Facts in brief
- Opened: 1888
- Size: 26 hectares
- Description: An urban park, set in a natural amphitheatre at the foot of dramatic sandstone cliffs, with panoramic views of the Sydney region.
- Historic features: historic tree species
A short history of Queens Park
It was originally established to commemorate the centenary of European settlement in 1888 and has three giant Moreton Bay figs that may be older than the park itself.
The park features many sporting fields bordered by sandstone outcrops and established trees with a number a City backdrops.
A viewing area located the sandstone ridge on the eastern edge of the Park provides spectacular views over Queens Park and across to the city.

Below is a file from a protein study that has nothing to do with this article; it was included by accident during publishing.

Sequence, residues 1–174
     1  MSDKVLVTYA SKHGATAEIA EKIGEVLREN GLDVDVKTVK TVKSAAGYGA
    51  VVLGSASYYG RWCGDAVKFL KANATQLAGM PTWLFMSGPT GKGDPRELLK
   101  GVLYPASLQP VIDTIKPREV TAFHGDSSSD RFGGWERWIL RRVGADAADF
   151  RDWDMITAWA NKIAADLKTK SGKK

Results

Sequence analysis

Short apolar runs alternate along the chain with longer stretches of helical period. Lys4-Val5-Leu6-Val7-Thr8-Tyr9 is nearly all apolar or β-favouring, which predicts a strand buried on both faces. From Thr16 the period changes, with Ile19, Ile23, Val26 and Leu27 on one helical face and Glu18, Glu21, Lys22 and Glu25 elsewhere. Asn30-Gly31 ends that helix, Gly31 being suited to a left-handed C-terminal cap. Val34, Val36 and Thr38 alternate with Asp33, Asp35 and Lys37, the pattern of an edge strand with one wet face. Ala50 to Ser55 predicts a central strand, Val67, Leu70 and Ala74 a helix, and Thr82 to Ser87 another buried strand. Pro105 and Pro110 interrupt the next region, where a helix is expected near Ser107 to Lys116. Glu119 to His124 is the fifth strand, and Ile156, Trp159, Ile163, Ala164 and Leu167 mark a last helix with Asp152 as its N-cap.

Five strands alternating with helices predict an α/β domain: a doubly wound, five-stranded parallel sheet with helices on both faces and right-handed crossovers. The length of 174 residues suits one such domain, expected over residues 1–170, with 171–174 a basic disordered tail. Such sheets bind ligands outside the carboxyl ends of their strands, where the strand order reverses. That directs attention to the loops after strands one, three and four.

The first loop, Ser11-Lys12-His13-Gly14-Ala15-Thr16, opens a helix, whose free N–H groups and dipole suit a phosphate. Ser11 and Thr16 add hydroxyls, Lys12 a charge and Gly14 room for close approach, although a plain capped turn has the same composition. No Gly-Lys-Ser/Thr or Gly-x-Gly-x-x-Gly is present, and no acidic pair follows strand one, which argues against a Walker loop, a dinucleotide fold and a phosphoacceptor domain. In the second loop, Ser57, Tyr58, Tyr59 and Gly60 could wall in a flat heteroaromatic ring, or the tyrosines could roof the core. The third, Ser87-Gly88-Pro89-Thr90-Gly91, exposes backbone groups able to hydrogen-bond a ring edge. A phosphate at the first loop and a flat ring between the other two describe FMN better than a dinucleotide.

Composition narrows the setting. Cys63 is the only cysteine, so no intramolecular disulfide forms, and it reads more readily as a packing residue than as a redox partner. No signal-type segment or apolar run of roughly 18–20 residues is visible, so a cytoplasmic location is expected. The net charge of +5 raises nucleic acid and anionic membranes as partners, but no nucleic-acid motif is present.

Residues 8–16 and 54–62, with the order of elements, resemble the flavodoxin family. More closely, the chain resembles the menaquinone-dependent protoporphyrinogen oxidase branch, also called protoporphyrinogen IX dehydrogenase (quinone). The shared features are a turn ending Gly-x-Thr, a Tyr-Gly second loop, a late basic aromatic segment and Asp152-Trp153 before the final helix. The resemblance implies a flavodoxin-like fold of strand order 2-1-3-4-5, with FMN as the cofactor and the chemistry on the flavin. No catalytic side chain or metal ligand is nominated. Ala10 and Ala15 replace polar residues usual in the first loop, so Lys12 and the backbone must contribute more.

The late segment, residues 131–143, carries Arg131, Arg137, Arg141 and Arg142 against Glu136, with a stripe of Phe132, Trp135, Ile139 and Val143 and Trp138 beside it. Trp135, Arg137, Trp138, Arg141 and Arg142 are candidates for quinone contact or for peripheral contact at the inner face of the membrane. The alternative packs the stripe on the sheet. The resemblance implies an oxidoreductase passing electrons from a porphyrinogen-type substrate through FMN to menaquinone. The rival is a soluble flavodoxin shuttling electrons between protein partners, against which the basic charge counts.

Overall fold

Queens Park is also home to some of the oldest and largest trees in Centennial Parklands. The Park was planted in the 1890s and 1930s with Moreton Bay and Port Jackson figs, Monterey Pines, araucarias and Holm Oaks. There are three giant Moreton Bay Figs in Queens Park estimated to be older than the park itself. The park also boasts several striking coral trees.
Today the park is used for informal recreation and organised sports such as cricket, rugby, soccer and touch football.
In 2003, the Queens Park Master Plan was prepared by the Trust to guide the ongoing maintenance and usage of the park.
- Learn more about the history of Queens Park